The mean value of purchased input used by death- and illness-affected households were significantly different from the non-affected group, but not from each other. Compared with non-affected households, death-affected and the illness-affected ones spent less on purchased agricultural inputs. There were no differences in ownership of household assets between the affected and the non-affected households. Almost 50% of households in the sample owned a television set and an even higher proportion owned a radio. The results also indicate that there is no difference in terms of livestock ownership between the two groups of households. The most commonly owned agricultural implement is a wheelbarrow whilst just about a tenth of both the affected and non affected households own ox an drawn plough.
The study did not establish any changes in land ownership as a result of the HIV/AIDS pandemic. Some households stopped using some of its pieces of land after the death of a household member. The mean size of land holding for affected households was estimated to be 2.17 hectares, and 2.37 hectares for non-affected households. Almost a third (32.6%) of the affected households, and a fifth (20%) of the non-affected households reported non utilization of all land allocated for crop production. The cultivated land area decreased when an adult died or experienced a long illness, and when a child was ill. The reduction in acreage under crop production is likely to impact on total agricultural production for these households, and for the affected households is likely to affect the food security status of households. Reasons for failure to use all of the allocated land included lack of money for inputs, lack of time since most of the time was taken up looking after sick persons.
Some households had shifted from sorghum to maize production although sorghum is considered a quality grain in the area. The study failed to prove that the changes in crop mix were due to the impacts of illness or death in the household. Most of the families in the surveyed area (35.3%) received their inputs from relatives, either resident locally or elsewhere. About 34.2% of the households reported that they purchased inputs from local shops which are within a radius of about 8km, whilst some few households indicated that they got their inputs from NGOs or government agents and about 16.6% of households reported that they used recycled seed.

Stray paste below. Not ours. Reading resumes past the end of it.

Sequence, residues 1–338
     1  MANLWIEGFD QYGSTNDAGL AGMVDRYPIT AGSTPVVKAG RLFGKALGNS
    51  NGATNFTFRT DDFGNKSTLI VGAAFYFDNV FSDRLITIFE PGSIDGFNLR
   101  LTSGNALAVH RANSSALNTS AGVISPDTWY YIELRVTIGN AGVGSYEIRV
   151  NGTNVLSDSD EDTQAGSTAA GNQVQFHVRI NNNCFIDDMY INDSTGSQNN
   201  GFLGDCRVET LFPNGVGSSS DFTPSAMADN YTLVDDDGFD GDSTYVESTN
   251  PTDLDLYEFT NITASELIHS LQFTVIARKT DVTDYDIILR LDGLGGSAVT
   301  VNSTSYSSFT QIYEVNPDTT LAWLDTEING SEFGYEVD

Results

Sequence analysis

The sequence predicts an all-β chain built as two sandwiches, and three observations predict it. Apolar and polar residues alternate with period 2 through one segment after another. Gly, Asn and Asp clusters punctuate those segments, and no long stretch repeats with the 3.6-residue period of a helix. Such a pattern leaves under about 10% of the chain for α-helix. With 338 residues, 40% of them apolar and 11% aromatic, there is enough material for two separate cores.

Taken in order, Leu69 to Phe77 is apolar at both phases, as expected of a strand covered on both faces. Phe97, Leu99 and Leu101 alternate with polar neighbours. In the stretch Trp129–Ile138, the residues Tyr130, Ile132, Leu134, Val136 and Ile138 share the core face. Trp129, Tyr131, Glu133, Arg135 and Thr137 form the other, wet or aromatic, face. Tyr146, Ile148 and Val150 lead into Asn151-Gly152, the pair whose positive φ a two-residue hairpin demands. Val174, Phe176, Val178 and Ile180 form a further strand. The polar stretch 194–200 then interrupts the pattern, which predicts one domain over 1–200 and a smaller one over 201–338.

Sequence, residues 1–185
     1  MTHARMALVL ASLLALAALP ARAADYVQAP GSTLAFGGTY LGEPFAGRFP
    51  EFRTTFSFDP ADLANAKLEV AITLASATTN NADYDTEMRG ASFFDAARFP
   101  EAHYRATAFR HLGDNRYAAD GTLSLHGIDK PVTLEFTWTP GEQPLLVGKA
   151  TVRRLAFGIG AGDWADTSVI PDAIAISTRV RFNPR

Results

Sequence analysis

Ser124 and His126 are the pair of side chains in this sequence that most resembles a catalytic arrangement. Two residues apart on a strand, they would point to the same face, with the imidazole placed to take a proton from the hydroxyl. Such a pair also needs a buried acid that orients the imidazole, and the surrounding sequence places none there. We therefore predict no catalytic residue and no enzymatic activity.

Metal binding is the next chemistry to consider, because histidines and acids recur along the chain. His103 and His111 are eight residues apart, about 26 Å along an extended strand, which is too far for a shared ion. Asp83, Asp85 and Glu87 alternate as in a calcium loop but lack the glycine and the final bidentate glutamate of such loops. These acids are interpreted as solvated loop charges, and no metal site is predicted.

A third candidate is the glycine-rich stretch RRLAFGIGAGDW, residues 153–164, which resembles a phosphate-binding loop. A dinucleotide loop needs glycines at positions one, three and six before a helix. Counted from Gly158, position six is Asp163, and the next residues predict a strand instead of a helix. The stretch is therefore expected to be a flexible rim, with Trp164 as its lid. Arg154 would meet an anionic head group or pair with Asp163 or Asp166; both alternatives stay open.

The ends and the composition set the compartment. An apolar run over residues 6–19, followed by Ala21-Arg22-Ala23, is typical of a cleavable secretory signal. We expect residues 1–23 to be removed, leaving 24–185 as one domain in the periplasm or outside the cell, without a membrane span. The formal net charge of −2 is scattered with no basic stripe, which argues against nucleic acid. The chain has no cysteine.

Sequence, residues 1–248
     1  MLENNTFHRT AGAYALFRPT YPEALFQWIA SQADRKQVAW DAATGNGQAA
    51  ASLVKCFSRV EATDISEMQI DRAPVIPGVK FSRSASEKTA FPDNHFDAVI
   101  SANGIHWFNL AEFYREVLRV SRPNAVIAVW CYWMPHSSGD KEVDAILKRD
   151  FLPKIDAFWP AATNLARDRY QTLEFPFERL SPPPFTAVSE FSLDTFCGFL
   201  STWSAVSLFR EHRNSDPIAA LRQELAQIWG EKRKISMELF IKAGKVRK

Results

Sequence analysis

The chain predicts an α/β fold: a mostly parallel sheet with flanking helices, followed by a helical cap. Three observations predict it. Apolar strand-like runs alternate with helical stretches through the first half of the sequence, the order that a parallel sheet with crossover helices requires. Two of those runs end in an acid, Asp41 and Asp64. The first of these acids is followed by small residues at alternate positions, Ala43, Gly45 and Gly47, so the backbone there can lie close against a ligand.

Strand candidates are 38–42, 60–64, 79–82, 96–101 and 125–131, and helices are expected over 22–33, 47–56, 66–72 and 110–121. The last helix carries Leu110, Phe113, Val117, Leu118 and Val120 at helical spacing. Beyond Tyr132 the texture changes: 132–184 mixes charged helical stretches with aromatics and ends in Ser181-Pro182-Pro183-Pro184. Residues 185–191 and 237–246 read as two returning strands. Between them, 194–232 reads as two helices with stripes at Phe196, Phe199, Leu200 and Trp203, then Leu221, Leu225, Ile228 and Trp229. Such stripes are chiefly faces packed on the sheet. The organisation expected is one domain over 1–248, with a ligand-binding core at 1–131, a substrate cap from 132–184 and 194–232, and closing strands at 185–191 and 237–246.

Households which were affected by death or illness of a household member were asked to rank the effects of illness on agriculture and general welfare of the households. The most common impacts of illness included the loss of time that would otherwise be used for agriculture, off farm activities, and household chores. Households affected by illness face a problem of labour supply for agriculture and make up for this by hiring extra labour. Most of this labour is paid in kind.
Sales of household property, farm assets or livestock did not appear to be prevalent, although they had been experienced by some households. About 88% of the households that experienced death, had slaughtered an ox. Only 1.4% of households reported loss of assets as a result of death. For most households in the area that had experienced death, livestock was left for the deceased's family, whilst clothes and utensils were in some instances shared amongst all present.
Food security is a function of household's production levels as well as the ability of the household to earn income and allocate that income towards purchase of food for all members. There was minimal participation in both crop and livestock outputs markets for both affected and non-affected households, indicating that households are at best only producing enough for home consumption with no surplus for sale. Households affected by the HIV/AIDS and related chronic illnesses experienced a decline in their food and education expenditures. Effects of HIV/AIDS on food security were found to be much higher for households that have experienced death than those that experience illness only. The government grants are significantly contributing to households' food security status, even in the face of illness.